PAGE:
‘LEGO Movie’ Set to Crush ‘Pompeii’ This Weekend
February 22, 2014 - box officeby Ray Subers
February 20, 2014
Pompeii and 3 Days to Kill open national this weekend, yet conjunction seems staid to mangle out during a domestic box office. As a result, charcterised strike The LEGO Movie should simply take a tip mark for a third-straight week.
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When Mount Vesuvius suddenly erupted in 79 A.D., it decimated a ancient Roman city of Pompeii. Director Paul W.S. Anderson, best famous for his work on a Resident Evil franchise, brings this disaster to life in Pompeii, that is opening during 2,658 locations this weekend.
Marketing for a film has essentially focused on a disaster, that does demeanour sincerely impressive. Unfortunately, a tellurian component is lacking. While there have been hints during a executive romance, it has for a many partial been overshadowed by a volcano (the poster is a good instance of this). This might be to costume a fact that a film is lacking any genuine star power: Kit Harington has done a name for himself on HBO’s Game of Thrones, yet being partial of an garb on TV doesn’t automatically interpret to heading male standing on a large screen.
The debate has also put an importance on 3D, with a trailer going so distant as to supplement “in 3D” to a pretension card. That could boost grosses a bit, yet a premium-priced tickets didn’t do most to assistance new CGI-heavy cinema The Legend of Hercules or I, Frankenstein.
Sony is doing domestic placement by their TriStar label, yet they have sincerely low exposure: Pompeii was financed by Constantin Film, and FilmDistrict lonesome a selling costs. Based on pre-release tracking, Sony is awaiting $12 to $15 million for a weekend.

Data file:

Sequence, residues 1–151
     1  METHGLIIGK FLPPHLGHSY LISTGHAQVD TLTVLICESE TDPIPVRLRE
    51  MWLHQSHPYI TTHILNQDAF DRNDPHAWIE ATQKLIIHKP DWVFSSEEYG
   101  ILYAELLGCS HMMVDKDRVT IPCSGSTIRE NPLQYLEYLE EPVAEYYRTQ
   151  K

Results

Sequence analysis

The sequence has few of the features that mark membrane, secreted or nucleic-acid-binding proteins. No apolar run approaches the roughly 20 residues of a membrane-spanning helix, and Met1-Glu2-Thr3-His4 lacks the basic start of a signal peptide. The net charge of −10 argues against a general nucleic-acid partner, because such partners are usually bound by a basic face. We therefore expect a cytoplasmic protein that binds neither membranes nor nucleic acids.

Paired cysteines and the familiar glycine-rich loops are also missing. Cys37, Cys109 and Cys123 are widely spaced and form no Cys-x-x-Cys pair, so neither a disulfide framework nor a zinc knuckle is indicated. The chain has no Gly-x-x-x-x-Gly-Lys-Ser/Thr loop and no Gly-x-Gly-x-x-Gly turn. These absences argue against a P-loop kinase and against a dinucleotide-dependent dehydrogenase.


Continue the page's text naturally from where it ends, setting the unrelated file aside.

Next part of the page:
At 2,872 locations, 3 Days to Kill is a latest from French writer Luc Besson and his EuropaCorp banner, that has done a unchanging business out of producing mid-budget movement cinema (3 Days cost $28 million). Excluding a dual Taken movies, though, nothing of Besson’s productions have non-stop over $17 million during a U.S. box office.
More so than other Besson movies, 3 Days to Kill does seem cut from a same cloth as Taken. This time around, Kevin Costner fills in for Liam Neeson as an over-the-hill assassin-type who is attempting to reconnect with his daughter. While Taken had a clear, singular hook, though, it’s misleading what’s special about 3 Days to Kill. Instead of focusing on story, a selling element has relied on general movement film tropes. All of this suggests that 3 Days won’t outperform a normal Besson movie; distributor Relativity is awaiting between $11 and $13 million.
Roadside Attractions is releasing In Secret during 266 theaters this weekend. With a light selling pull and bad reviews, this should open good next $1 million.
Hayao Miyazaki‘s The Wind Rises opens during 21 locations on Friday forward of a assuage enlargement (450 theaters) a following week. The Wind Rises has perceived an Academy Award assignment for Best Animated Feature, and is approaching to be Miyazaki’s final movie. All of this is to contend that it should do clever business in arthouse theaters, yet it’s misleading how it will play in a expansion.
Forecast (February 21-23)
1. LEGO Movie – $32.4 million (-35%)
2. Pompeii – $11.6 million
3. Robocop – $11.2 million (-48%)
4. About Last Night – $10.6 million (-59%)
5. Monuments Men – $9.9 million (-36%)
6. 3 Days to Kill – $9 million
Bar for Success
Pompeii is going to make a immeasurable infancy of a income overseas. Still, with a bill of around $100 million, it needs to acquire during slightest $15 million this weekend to equivocate being labeled a bomb. Meanwhile, 3 Days to Kill is in good figure if it can compare Relativity/EuropaCorp’s final collaboration, The Family, that non-stop to $14 million in September.